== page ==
On April 18, 2018, great Canadian movies will be available on air, online and on foot at over 1,700 screenings in cinemas, libraries, public squares and anywhere you can show a film. With free events happening across every province and territory, many involving Canadian film talent, National Canadian Film Day (NCFD) promises to be the largest film festival in the world. Ever. It’s a day to sit back in your seat, take off your toque, and have some FUN!
To celebrate National Canadian Film Day in BC, the Vancouver Asian Film Festival (VAFF), explorASIAN, REEL CANADA and with the generous support of the H. R. MacMillan Space Centreand Museum of Vancouver present screening of A Time To Swimby Montréal filmmaker, Ashley Duong.
Doors Open: 6:30 pm
Opening Remarks and Screening: 7:00 pm
The film will be preceded by “Re Lekuah” by Alena Murang, directed by Ashley Duong, the first-ever music video created in the indigenous Kelabit language of Borneo.
FREE Screening. General Admission refers to seating area that are not assigned or reserved, and are occupied on a first–come, first–served basis. Please note: Please arrive early. As this is a free screening and space is limited, all unclaimed registrations will be released at 6:45 pm. Latecomers will be seated only as space permits, but viewing may not be ideal.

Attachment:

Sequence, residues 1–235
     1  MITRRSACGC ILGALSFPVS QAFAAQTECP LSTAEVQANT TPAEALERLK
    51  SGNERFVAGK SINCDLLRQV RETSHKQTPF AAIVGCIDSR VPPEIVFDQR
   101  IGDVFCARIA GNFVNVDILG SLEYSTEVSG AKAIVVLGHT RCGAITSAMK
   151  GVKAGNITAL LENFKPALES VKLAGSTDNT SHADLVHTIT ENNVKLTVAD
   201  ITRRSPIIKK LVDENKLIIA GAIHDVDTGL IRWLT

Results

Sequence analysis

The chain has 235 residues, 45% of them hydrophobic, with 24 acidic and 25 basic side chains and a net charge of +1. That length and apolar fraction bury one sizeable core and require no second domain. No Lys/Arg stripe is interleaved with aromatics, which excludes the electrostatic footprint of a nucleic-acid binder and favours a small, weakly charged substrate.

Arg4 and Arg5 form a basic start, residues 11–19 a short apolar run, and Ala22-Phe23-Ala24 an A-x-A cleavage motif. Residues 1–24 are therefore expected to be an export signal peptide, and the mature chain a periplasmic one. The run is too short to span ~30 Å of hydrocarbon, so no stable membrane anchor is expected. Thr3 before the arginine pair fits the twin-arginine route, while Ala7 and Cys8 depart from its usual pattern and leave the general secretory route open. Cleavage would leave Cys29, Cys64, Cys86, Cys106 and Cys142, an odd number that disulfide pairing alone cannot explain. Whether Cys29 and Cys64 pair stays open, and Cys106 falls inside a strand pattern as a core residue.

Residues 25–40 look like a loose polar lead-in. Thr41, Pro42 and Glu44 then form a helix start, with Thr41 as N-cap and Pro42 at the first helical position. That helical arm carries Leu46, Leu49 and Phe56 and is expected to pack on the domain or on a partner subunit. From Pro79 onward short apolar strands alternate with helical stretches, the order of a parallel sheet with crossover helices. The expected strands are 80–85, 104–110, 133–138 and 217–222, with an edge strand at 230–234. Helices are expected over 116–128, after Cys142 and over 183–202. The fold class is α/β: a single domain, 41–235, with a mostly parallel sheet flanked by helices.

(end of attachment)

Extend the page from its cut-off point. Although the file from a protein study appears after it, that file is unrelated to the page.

In the suburbs of Montréal, Mutang Urud is a stay-at-home dad. But in Malaysia, he was a voice of resistance for the indigenous peoples of Sarawak. A Time to Swim follows Mutang as he returns home for the first time since his exile in 1992. The remote forest village, however, is not like he remembers it. Contrary to the will of the elders, cousins who once stood by him at the blockades are now welcoming the timber companies. Despite the threat of a lingering arrest warrant, Mutang can’t resist taking up his old cause. A Time to Swim explores the effects of environmental destruction on the fabric of a community through the personal story of Mutang’s search for belonging in a place where the very ideas of home and heritage are slipping away.
Initial release: 2016
Director/Writer: Ashley Duong
Producers: Katarina Soukup & Ashley Duong
Running time: 82 mins
Preceded by “Re Lekuah”, running time: 5 mins 32s
Previous Screening / Awards:
Winner – Best Canadian Feature Award, sponsored by the Directors Guild of Canada, Vancouver Asian Film Festival 2017
Winner – Special Jury Prize for Best Feature Documentary, Los Angeles Asian Pacific Film Festival 2017
Winner – Vijay Mohan Social Change Award, Philadelphia Asian American Film Festival 2017
Special Jury Mention Prix Séquences du meilleur documentaire, Festival Présence autochtone 2017
WORLD PREMIERE – Los Angeles Asian Pacific Film Festival 2017
(Finalist – Grand Jury Prize for Documentary Filmmaking)